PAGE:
It didn't take all that long for Palm to find a buyer. Just three weeks after the company was put up for salePalm has fitted snugly in the hands of HP - which now has a ready-made route to the mobile market.
The early favourite, HTC, pulled out very quickly and since then there has been a whole lot of speculation: RIM, Microsoft, Motorola - strangely, as these are all companies with their own mobile technologies to push and then Lenovo and Huawei - obviously trying to tap into the speculation about Chinese companies wanting a bigger toe-hold in the west.
Certainly, if there's one company that's going to make this work, it's probably HP. The company has a history of buying major players: DEC(once the second biggest computer company in the world), Compaq and 3Com ( the pioneer in LAN technology) have all ended up at HP and the company was lacking a strong mobile brand. There's also a connection there -3Com at one stage, owned US Robotics, which owned Palm.
We can't buy technology for sentimental or nostalgic reasons but there's a little part of me that's very pleased that Palm has some mileage left. I owned one of the Palm Pilots back in the mid-90s and while it was a clunky as hell and Graffiti took some getting used to, it seemed amazingly revolutionary back then (never having had the chance to see Go's efforts). But then it fell from grace and to many people, Palm seemed like a brand as stuck in time as the minidisk player.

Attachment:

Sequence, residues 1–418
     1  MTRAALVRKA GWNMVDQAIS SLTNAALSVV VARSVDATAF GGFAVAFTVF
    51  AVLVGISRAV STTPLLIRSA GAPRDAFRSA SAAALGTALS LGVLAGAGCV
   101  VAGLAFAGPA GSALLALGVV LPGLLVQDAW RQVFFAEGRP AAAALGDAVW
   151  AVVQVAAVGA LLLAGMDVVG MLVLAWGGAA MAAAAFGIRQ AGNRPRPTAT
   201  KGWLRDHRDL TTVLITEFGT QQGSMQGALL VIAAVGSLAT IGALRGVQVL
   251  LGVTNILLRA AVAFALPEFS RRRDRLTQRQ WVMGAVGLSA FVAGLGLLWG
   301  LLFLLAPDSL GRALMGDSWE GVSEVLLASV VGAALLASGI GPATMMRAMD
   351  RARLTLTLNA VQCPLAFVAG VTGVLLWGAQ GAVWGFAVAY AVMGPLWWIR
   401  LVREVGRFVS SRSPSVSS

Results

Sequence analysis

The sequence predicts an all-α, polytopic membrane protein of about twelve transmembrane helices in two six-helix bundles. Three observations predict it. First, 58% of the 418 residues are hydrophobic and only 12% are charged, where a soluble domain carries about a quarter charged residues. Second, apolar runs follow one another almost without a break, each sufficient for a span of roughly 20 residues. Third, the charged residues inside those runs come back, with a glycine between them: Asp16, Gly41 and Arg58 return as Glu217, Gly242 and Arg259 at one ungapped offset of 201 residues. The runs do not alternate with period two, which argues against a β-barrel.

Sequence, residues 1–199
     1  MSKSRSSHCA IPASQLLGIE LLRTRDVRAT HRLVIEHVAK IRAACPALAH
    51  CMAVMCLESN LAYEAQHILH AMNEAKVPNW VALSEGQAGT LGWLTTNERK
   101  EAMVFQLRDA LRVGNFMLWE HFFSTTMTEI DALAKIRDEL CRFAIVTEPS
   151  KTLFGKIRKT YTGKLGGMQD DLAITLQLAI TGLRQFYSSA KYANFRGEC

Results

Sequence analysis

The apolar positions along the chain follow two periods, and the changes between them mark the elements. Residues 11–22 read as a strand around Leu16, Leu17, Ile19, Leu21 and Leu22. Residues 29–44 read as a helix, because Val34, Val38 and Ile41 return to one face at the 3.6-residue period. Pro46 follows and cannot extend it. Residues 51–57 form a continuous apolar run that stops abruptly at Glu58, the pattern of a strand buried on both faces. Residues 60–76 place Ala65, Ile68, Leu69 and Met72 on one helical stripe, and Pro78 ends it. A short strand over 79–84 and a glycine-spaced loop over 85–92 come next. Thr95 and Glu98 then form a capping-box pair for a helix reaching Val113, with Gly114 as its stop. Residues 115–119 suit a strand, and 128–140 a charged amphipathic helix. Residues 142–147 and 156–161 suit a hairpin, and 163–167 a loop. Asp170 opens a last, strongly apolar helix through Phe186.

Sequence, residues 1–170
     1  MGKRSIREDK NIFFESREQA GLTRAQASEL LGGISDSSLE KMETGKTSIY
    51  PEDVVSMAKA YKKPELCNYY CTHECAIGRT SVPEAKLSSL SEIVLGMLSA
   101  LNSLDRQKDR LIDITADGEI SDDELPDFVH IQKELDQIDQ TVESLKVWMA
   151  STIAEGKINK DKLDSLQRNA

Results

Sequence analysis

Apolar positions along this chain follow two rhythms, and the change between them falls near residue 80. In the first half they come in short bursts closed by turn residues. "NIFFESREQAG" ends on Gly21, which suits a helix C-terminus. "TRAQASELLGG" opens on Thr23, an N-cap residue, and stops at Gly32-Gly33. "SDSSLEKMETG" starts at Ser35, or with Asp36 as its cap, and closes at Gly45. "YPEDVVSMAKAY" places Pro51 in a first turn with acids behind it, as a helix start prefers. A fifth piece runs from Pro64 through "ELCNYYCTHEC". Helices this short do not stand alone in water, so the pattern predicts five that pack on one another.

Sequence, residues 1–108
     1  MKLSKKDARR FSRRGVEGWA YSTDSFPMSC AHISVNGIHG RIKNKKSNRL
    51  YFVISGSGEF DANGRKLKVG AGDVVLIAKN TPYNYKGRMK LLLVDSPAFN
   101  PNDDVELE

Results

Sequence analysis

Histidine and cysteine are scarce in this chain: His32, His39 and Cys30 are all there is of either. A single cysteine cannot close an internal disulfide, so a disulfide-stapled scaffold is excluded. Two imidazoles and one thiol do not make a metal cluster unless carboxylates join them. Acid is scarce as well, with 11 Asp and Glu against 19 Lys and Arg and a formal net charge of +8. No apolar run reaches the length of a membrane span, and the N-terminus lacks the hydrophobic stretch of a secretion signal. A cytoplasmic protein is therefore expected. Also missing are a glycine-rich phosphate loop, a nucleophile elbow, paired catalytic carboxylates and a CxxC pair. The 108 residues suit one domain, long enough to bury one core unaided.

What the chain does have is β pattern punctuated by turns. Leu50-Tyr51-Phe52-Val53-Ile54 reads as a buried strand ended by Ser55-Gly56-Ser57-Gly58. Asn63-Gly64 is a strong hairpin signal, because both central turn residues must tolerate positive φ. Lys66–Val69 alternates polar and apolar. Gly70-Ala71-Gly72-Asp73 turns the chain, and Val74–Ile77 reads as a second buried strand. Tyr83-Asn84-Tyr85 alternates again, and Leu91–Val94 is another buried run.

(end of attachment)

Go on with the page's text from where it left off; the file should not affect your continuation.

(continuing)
While some eyebrows have been raised at HP paying for an all-cash deal, at $5.70 a share, it's true to say that HP has not overpaid - even if there were some analysts who thought that Palm was essentially worthless.
What's particularly interesting is that this is a deal that will play well within enterprises. Other potential suitors had Palm being snapped up by companies with strengths in the consumer space but Palm's strength has been in the enterprise space and that's obviously an area where HP is a a key player. HP is now in a position to dump the ill-fated iPAQ and build a new mobile division based around Palm's WebOS - a technology that has gathered many plaudits - but where praise hasn't been translated into sales. It will certainly give a boot up the backside to RIM, which has been coasting in the enterprise thanks to a lack of serious competition.
As for HP, it now has a serious mobile player to complement its PC and server business. Ally that with its new-found interesting in switching and we have a company that really could provide a complete end-to-end enterprise technological solution: something that will be attractive to any IT manager.
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